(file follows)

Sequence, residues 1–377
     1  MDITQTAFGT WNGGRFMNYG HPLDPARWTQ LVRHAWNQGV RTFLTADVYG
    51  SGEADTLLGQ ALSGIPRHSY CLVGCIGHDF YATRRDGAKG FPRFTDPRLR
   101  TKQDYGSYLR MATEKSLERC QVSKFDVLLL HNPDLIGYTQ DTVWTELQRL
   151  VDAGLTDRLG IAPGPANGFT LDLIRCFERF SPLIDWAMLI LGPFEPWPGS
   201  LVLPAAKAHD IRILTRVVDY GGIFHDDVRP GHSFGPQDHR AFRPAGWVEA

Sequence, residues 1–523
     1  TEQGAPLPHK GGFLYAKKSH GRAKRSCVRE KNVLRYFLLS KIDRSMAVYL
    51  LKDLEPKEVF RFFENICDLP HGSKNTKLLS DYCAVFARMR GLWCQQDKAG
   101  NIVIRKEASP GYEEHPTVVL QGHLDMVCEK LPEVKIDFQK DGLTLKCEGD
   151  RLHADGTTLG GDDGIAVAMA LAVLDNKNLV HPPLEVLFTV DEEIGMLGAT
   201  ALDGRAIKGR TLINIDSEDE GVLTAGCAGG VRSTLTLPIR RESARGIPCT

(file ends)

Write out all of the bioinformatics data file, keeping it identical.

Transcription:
Sequence, residues 1–377
     1  MDITQTAFGT WNGGRFMNYG HPLDPARWTQ LVRHAWNQGV RTFLTADVYG
    51  SGEADTLLGQ ALSGIPRHSY CLVGCIGHDF YATRRDGAKG FPRFTDPRLR
   101  TKQDYGSYLR MATEKSLERC QVSKFDVLLL HNPDLIGYTQ DTVWTELQRL
   151  VDAGLTDRLG IAPGPANGFT LDLIRCFERF SPLIDWAMLI LGPFEPWPGS
   201  LVLPAAKAHD IRILTRVVDY GGIFHDDVRP GHSFGPQDHR AFRPAGWVEA

Sequence, residues 1–523
     1  TEQGAPLPHK GGFLYAKKSH GRAKRSCVRE KNVLRYFLLS KIDRSMAVYL
    51  LKDLEPKEVF RFFENICDLP HGSKNTKLLS DYCAVFARMR GLWCQQDKAG
   101  NIVIRKEASP GYEEHPTVVL QGHLDMVCEK LPEVKIDFQK DGLTLKCEGD
   151  RLHADGTTLG GDDGIAVAMA LAVLDNKNLV HPPLEVLFTV DEEIGMLGAT
   201  ALDGRAIKGR TLINIDSEDE GVLTAGCAGG VRSTLTLPIR RESARGIPCT